A founder of Women 2.0 explains how the start-up scene is evolving for women and offers networking advice for aspiring female founders.Silicon Valley may earn praise for its creativity and dynamism, but rarely is America's foremost start-up hub held up as a model of diversity. The world's engineers may flock to the area's start-ups, but when Shaherose Charania moved to the Valley to explore becoming an entrepreneur several years ago, she often found herself the only woman on product teams and at networking events. These days, she and a few friends are doing something about this gender imbalance with Women 2.0, an organizaton that supports female founders and runs a host of women-friendly networking events around the world.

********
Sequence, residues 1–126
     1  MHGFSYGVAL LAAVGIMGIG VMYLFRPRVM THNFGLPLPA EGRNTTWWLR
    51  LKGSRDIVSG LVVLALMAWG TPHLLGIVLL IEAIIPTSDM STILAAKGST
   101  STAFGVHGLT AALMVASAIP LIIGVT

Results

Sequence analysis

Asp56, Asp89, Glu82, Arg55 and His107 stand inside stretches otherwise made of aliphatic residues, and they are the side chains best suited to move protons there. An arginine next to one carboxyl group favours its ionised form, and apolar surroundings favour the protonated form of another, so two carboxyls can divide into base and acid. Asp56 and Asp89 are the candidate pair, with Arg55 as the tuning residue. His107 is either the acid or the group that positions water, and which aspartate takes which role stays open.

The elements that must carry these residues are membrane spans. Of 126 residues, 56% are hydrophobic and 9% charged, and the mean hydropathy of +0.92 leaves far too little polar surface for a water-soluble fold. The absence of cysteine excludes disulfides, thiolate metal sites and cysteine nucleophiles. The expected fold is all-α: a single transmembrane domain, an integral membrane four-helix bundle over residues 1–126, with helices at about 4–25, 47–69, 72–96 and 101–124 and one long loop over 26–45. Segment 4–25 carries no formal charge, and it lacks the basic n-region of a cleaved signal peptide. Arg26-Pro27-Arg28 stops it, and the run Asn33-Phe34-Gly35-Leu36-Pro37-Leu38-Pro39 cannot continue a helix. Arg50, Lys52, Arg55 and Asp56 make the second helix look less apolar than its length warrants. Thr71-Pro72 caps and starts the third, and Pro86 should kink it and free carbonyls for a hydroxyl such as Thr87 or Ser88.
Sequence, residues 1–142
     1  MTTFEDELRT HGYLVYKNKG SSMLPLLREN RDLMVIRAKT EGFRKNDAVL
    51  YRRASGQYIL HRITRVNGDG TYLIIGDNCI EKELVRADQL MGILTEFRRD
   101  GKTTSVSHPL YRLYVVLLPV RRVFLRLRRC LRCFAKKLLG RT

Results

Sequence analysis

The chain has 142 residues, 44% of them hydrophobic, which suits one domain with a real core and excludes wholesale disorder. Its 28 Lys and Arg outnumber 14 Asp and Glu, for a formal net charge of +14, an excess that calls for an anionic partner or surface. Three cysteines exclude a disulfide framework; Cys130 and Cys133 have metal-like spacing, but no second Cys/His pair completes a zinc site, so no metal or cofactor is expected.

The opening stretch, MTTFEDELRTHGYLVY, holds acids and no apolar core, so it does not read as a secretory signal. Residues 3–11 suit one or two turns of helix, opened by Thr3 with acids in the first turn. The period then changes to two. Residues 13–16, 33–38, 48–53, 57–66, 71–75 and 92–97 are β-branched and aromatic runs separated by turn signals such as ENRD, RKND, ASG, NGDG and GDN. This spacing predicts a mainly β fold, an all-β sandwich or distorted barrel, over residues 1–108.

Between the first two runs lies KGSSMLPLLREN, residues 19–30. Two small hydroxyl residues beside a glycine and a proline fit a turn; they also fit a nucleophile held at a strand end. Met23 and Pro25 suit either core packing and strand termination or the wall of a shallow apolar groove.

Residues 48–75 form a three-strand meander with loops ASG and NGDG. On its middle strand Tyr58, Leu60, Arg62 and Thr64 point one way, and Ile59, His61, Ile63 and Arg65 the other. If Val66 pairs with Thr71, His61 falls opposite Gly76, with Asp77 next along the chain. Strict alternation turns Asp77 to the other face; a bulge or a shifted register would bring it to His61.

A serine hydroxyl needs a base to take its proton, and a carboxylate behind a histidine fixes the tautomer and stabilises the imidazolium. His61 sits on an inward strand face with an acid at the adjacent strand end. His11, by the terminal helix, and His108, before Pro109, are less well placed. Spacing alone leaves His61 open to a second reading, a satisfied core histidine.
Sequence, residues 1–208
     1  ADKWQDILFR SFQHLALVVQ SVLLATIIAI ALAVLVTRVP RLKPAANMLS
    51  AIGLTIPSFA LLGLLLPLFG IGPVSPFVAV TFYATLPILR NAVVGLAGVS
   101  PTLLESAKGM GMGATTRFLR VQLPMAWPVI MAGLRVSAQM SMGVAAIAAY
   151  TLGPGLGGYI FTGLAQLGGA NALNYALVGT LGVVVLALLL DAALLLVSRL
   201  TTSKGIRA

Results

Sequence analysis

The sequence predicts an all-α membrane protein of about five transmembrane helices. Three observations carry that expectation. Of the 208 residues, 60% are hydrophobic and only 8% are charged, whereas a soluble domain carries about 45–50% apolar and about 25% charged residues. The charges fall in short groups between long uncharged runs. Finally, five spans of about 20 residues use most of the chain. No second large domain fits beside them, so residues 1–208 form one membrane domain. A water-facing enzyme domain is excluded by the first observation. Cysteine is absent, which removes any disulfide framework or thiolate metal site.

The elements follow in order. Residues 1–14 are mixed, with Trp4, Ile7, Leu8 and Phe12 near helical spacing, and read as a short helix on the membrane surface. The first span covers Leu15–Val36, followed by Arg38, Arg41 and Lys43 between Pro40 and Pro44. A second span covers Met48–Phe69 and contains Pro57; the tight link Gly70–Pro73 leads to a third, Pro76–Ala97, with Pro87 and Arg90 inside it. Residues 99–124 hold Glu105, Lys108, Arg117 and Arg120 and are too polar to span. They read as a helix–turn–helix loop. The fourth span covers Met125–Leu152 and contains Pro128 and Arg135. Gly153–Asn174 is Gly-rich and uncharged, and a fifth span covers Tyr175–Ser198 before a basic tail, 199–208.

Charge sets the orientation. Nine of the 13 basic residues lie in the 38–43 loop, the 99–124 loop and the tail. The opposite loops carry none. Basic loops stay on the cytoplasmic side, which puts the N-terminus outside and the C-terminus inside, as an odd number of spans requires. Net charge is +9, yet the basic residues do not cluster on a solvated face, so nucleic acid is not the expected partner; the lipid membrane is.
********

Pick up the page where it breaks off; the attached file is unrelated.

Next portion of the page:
What happens when your co-founder is your father? Entrepreneurs explain the best and worst parts of running a family business–and how mom always gets called in to settle disputes.In 1997, Steve Heinz decided to sell the business that he had founded 17 years earlier, EnergyCAP, which makes software for managing utility bills.The buyer? Enron.Five years later, after Enron had gone belly-up, Steve rescued the business from bankruptcy court.”I picked up the pieces of my business, so to speak,” he says.